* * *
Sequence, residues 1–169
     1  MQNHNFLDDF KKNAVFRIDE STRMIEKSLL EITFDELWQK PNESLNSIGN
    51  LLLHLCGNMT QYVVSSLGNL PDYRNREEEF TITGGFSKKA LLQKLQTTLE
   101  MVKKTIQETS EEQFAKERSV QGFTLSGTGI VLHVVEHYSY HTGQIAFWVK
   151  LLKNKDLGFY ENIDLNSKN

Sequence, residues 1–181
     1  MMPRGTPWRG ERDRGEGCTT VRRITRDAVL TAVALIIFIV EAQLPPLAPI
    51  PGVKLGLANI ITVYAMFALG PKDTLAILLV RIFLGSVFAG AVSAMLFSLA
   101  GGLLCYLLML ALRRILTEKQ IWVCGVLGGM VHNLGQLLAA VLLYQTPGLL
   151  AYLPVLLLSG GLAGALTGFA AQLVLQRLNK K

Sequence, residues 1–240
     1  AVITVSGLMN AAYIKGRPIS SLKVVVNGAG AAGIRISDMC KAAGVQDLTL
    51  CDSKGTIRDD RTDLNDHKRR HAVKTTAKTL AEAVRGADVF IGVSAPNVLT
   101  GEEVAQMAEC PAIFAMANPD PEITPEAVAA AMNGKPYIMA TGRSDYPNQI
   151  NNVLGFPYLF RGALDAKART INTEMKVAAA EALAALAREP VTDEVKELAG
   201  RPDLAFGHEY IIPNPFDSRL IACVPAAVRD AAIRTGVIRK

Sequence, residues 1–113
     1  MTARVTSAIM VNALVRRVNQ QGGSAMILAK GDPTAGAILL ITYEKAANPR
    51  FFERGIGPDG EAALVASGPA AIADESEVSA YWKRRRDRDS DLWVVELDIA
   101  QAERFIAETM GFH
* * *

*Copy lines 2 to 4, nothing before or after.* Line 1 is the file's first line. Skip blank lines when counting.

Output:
     1  MQNHNFLDDF KKNAVFRIDE STRMIEKSLL EITFDELWQK PNESLNSIGN
    51  LLLHLCGNMT QYVVSSLGNL PDYRNREEEF TITGGFSKKA LLQKLQTTLE
   101  MVKKTIQETS EEQFAKERSV QGFTLSGTGI VLHVVEHYSY HTGQIAFWVK